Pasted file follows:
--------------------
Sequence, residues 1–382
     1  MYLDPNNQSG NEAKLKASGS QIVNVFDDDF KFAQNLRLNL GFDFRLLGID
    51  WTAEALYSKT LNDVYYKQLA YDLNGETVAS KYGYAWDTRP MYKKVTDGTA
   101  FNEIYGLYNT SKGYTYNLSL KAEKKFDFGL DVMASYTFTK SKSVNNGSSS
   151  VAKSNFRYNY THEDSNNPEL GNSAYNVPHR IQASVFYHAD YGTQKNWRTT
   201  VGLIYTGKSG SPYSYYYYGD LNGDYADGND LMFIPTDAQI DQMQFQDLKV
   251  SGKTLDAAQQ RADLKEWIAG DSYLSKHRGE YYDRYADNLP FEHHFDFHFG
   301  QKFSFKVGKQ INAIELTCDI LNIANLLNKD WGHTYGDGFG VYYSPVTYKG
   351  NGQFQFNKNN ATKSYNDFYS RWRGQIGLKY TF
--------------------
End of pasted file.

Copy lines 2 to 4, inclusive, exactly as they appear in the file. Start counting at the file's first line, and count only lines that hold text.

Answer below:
     1  MYLDPNNQSG NEAKLKASGS QIVNVFDDDF KFAQNLRLNL GFDFRLLGID
    51  WTAEALYSKT LNDVYYKQLA YDLNGETVAS KYGYAWDTRP MYKKVTDGTA
   101  FNEIYGLYNT SKGYTYNLSL KAEKKFDFGL DVMASYTFTK SKSVNNGSSS